Countdown to the Brussels Summit IV: Fear and Trepidation

Going into the first day of the EU’s Brussels summit on Friday, the one that is supposed to result in an agreed-upon text for a new Constitutional Treaty, most of the European press is not in an optimistic mood that such an agreement can be reached. The word “miracle” (in whichever local language variant) – as in, what that will likely require – figures prominently in many headlines.

For a review of that European press coverage, I think I’ll just refer you to Deutsche Welle’s English-language “European Press Review” (a link that I myself found out about from the scottymac blog). At least they also cover Austria and Italy, which I don’t, but do allow me to mention the essential superficiality of that press review, in light of the comprehensive reading that I’ve already done of the treatment in today’s European press of the run-up to the summit.

LET’S JUST ADD A LITTLE DEPTH

For example, they cite De Volkskrant, but that Dutch newspaper has broad, multi-article coverage that is probably impossible to summarize adequately in such a pat manner. As just one example, check out (if you read Dutch) The Netherlands Doesn’t Like to Make Threats, But Now . . .”, for a great treatment of what the Dutch position is, why Dutch ministers are determined to “play hardball” (keihard spelen – ooooooooh! We bad!) – and how, nonetheless, it’s doubtful that anyone will bother to listen to them, or that a couple of their main objectives will be attained. (Want to know what those objectives are? The right to veto EU multi-year budgets – the Netherlands is one of the main states that contributes more money to those budgets than it gets back from them, you see – and, of course, putting some needed teeth into the euro’s Growth and Stability Pact.)

Or there’s the FT Deutschland’s excellent treatment (but only one out of three articles on the subject in its on-line edition) EU Constitution: Scenarios for the Outcome of the Negotiation-Poker which, as the title implies, presents four scenarios for the way the summit could end up: Failure (self-explanatory, no?), Continuing to Negotiate Later (namely starting in January, under the new Irish presidency), Continuing to Negotiate Much Later (in this scenario, the Council voting-rights question is the one remaining thing left standing in the way – so that issue is put off for renegotiation at a point closer to 2009, when the current Nice Treaty system can actually be replaced; we’ve discussed this before), and Conclusion, i.e. success: everything is taken care of this weekend at Brussels. And what about the French press? Presumably Deutsche Welle feels that, being German, it can’t review the German press, but believe me, there was plenty of interesting stuff in the French press – quite beyond the viewpoint from our far-left friends at the Communist Party newspaper L’Humanité that is always fun to consult. The point is that the Deutsche Welle coverage could be much better, much more complete, and I could provide that – despite the small fact that I generally prefer to cover one nation’s press at a time, so that I can put each weblog entry into a unique national “category” for sorting purposes. (For example, this entry must needs remain uncategorized.) I just don’t have the time now, mainly because I want to supplement my coverage of the French response to the Pentagon’s contract-exclusion order with that of the German. In-depth EuroSavant treatment of the European press’ coverage of what this weekend’s summit actually accomplished will surely follow shortly, once the smoke clears and it becomes apparent what they did actually accomplish.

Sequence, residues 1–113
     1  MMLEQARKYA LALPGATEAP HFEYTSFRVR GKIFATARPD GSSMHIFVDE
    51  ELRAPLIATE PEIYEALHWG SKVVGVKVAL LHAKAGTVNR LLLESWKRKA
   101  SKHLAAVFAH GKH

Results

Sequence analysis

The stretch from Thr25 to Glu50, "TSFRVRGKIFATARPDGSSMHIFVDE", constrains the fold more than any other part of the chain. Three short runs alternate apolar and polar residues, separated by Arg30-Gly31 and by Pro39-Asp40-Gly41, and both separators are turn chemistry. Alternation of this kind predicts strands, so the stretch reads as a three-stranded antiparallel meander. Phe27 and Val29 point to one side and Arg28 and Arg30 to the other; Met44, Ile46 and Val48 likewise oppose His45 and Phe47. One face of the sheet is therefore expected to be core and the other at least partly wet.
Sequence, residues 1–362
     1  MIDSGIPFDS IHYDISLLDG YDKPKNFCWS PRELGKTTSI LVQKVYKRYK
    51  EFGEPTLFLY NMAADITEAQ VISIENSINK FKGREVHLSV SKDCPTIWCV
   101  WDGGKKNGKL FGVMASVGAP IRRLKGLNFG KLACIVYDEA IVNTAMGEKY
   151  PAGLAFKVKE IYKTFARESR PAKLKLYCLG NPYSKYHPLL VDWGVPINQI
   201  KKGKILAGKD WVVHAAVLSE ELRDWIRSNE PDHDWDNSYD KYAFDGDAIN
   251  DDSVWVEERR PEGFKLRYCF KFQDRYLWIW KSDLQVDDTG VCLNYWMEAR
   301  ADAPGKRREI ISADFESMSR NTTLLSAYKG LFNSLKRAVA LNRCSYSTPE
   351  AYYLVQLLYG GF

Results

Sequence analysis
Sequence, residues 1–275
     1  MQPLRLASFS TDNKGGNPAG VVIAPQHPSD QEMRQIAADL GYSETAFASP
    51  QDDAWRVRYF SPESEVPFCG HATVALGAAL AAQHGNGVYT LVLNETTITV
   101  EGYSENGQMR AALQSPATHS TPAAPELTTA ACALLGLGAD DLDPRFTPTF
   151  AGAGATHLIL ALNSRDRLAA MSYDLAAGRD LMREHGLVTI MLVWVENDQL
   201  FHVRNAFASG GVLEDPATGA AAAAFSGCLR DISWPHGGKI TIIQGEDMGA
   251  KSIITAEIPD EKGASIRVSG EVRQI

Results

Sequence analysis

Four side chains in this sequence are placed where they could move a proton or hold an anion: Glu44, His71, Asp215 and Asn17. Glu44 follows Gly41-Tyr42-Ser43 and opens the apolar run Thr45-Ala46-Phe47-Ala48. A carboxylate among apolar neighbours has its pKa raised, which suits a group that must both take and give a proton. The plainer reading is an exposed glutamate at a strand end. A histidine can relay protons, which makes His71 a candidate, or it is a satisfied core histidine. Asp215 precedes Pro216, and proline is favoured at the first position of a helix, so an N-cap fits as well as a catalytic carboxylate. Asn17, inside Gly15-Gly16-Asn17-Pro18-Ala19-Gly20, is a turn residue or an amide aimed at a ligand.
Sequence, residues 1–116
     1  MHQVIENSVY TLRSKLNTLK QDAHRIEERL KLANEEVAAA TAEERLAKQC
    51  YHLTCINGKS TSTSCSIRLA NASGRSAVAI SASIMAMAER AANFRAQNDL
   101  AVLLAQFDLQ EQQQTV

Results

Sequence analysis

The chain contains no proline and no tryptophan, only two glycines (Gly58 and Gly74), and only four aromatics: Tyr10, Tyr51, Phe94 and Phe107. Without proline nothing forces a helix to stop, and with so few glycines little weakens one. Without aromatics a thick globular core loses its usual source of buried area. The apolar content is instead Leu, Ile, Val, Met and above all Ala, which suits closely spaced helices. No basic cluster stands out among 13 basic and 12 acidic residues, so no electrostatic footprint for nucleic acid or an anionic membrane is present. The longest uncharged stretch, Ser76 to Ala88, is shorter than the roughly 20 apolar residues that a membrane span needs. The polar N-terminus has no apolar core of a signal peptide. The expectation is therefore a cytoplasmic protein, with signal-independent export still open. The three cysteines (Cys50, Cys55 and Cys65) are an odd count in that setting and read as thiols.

SUNDAY NY TIMES-TYPE COVERAGE

So let me just take the opportunity to note for you a few more interesting elements out of that European coverage. Yegads, the German Frankfurter Allgemeine Zeitung and Süddeutsche Zeitung each have multi-article special sections on the topic. What’s more, the Dutch NRC Handelsblad offers an opinion-piece, entitled Better a Delay than a Bad-Compromise EU, co-written by Valéry Giscard d’Estaing, Giuliano Amato, and Jean-Luc Deheane, who just happen to be the Chairman of the EU’s Constitutional Convention and his two deputy-chairman. That is actually the third installment in a series of opinion articles these august gentlemen have written about their view of the future form of the EU, published earlier in the NRC (and who knows where else; surely somewhere else, and surely somewhere else in English). If you’re interested, and can read Dutch, you certainly can access the other two, provided you’re willing to register with the NRC’s website for free; they are (in chronological order) Europe Is and Remains A Creation of its Citizens and The European Commission Must Remain the EU’s Axis. (Don’t even think that that last has anything to do with World War II. Please review the various other definitions of axis.)

By the way, it’s also interesting which papers had no coverage of the upcoming Brussels summit. In the Dutch press: De Telegraaf (but that one you could have expected – little Princess Amalia is still but barely a week old), Algemeen Dagblad, Het Parool, and (this one really hurts) Trouw. It’s very disillusioning. Maybe (or “of course!”) they had some sort of brief coverage in their paper editions, but there was nothing on their on-line sites. Just how important is the EU’s prospective Constitution, people? I may be a EuroNerd (Chorus: “No, MAO, you’re a EuroSavant, or at least you were quick enough to be the first to snatch up that ‘.com’ domain!”), but I think it’s all rather important, as well as (usually) pretty interesting. So perhaps writing later about those three pieces by the EU Constitutional Convention chairmen, after the summit, to contrast those gentlemen’s advocacy of what should happen with what actually did, might be an interesting idea for a weblog entry in the near future.

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